- A 2011 paper by Michele Betsill and Matthew Hoffman examines the “contours” of cap and trade, through an analysis of 33 distinct policy venues. Link. And a 2015 paper tracks climate adaptation planning across 156 U.S. municipalities. Link.
- A previous newsletter highlighted Skocpol’s essential work on US welfare history. Link to the archived letter. And link to a recent blog post featuring climate academic Leah Stokes’s recommended readings on climate-related research.
Climate change and educational attainment
Recently appointed Assistant Professor of Public Policy R. JISUNG PARK studies the welfare effects of climate related externalities. His job market paper considers the impact of rising temperatures on education-based inequalities.
From the paper:
“Within the US, individuals face vastly different risk of heat exposure, and such risk appears to be changing over time. I combine local daily weather data with test scores of 1 million US students taking synchronized high-stakes exams over the course of several days each year. Drawing on administrative records from the largest public school district in the United States (New York City), I find that hot temperature during a test reduces a student’s likelihood of graduating from high school. For the average student, taking an exam on a 90◦F day results in a roughly 10 percent lower likelihood of passing a particular subject, which in turn reduces the probability of graduation. A one standard deviation increase in average exam-time temperature (+4.4◦F) reduces a student’s likelihood of graduating on time by approximately 3 percentage points, or 4.5 percent relative to a mean on-time graduation rate of 68 percent. Given well-documented correlations between climate and income, it is possible that lower income students may be subtly but systematically penalized on standardized assessments. Such equity concerns are likely of heightened policy relevance given the additional correlation between expected extreme heat events and income or race.”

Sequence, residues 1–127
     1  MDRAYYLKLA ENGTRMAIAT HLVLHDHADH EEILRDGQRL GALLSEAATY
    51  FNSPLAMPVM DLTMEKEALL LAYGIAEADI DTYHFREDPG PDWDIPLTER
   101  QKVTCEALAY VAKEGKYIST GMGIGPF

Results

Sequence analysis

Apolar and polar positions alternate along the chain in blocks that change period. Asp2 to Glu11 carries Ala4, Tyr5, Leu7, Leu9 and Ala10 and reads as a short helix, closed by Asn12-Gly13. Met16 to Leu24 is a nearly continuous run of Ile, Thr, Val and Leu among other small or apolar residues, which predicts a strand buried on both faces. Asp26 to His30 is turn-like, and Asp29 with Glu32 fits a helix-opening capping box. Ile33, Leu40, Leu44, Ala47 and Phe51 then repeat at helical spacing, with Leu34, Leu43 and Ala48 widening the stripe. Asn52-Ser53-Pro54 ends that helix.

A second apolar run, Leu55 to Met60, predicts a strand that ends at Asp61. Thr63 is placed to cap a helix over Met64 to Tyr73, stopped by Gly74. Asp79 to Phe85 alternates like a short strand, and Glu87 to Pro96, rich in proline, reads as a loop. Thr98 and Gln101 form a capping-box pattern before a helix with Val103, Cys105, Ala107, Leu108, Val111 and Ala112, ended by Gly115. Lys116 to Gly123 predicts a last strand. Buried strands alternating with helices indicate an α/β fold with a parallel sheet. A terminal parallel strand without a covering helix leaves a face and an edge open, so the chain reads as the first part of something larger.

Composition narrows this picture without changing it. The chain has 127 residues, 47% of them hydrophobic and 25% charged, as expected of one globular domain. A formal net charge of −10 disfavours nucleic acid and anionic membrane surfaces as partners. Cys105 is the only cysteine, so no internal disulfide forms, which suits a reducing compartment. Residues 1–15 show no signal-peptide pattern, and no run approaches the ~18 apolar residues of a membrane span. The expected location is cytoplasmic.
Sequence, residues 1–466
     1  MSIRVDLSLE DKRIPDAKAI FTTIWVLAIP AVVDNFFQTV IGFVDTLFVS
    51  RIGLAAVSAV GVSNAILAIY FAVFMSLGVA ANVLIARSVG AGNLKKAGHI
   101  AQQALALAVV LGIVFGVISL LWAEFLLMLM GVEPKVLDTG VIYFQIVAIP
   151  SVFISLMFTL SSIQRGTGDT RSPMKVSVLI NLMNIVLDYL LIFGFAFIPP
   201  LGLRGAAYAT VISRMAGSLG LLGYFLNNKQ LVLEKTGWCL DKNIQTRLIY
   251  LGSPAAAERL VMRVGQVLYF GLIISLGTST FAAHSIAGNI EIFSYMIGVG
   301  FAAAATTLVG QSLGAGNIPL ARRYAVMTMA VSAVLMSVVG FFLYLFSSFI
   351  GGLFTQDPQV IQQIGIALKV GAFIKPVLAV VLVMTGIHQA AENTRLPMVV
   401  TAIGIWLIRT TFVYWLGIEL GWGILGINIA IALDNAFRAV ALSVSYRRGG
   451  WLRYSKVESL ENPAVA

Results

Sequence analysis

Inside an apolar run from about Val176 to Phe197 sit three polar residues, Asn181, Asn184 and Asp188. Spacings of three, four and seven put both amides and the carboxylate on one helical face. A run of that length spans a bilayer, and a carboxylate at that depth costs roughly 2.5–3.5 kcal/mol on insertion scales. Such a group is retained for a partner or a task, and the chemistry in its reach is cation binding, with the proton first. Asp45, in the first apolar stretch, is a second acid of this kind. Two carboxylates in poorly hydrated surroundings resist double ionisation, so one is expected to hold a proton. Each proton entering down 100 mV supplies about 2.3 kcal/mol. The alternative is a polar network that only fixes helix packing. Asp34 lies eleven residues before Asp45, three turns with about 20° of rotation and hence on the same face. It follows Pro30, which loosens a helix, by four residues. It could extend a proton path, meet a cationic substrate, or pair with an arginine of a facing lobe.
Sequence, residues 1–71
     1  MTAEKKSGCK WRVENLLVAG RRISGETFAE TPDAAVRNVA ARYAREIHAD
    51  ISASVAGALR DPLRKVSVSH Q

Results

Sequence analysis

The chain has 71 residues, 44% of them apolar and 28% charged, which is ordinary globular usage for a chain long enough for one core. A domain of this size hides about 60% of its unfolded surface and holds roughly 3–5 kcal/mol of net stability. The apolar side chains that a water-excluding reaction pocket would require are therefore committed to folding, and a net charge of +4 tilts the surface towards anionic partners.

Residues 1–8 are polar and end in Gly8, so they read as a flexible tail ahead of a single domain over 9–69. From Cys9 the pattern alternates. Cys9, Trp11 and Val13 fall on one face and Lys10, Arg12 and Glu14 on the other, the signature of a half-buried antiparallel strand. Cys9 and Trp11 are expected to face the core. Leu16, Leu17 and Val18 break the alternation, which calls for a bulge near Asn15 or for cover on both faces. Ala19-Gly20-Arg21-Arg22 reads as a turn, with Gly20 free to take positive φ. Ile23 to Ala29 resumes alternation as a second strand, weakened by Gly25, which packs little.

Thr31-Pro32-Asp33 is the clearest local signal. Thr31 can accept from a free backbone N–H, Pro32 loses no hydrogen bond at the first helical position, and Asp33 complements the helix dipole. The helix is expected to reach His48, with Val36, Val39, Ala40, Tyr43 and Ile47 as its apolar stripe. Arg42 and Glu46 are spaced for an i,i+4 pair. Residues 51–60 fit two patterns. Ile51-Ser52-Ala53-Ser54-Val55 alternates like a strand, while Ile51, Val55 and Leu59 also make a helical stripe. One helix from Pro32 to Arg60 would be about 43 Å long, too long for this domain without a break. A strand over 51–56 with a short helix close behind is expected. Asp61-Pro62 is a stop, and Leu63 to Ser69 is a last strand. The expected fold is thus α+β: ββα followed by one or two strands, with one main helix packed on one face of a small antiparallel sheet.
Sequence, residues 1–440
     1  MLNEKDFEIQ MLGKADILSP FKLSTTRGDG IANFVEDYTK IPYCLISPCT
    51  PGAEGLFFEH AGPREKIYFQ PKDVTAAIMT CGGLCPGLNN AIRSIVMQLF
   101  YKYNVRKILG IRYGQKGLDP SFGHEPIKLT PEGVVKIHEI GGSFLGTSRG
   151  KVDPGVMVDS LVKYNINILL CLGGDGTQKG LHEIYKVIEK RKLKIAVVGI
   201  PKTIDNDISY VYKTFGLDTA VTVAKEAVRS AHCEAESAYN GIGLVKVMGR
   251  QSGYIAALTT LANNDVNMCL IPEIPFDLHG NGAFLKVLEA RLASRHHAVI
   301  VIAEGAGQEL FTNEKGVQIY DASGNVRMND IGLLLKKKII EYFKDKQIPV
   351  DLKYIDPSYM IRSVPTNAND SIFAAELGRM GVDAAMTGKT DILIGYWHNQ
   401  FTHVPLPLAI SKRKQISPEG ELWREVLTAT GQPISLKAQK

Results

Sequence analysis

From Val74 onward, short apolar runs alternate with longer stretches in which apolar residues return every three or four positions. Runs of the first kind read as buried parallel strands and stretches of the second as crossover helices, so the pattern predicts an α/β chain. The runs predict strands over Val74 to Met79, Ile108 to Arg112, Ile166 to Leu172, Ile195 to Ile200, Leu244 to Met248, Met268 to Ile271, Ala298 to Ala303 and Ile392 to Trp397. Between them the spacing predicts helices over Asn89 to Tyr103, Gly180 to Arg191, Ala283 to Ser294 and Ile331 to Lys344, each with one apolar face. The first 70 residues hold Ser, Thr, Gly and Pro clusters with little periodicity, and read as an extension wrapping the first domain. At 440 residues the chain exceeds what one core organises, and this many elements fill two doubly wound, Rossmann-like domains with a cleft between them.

Link to the paper, link to Park’s website.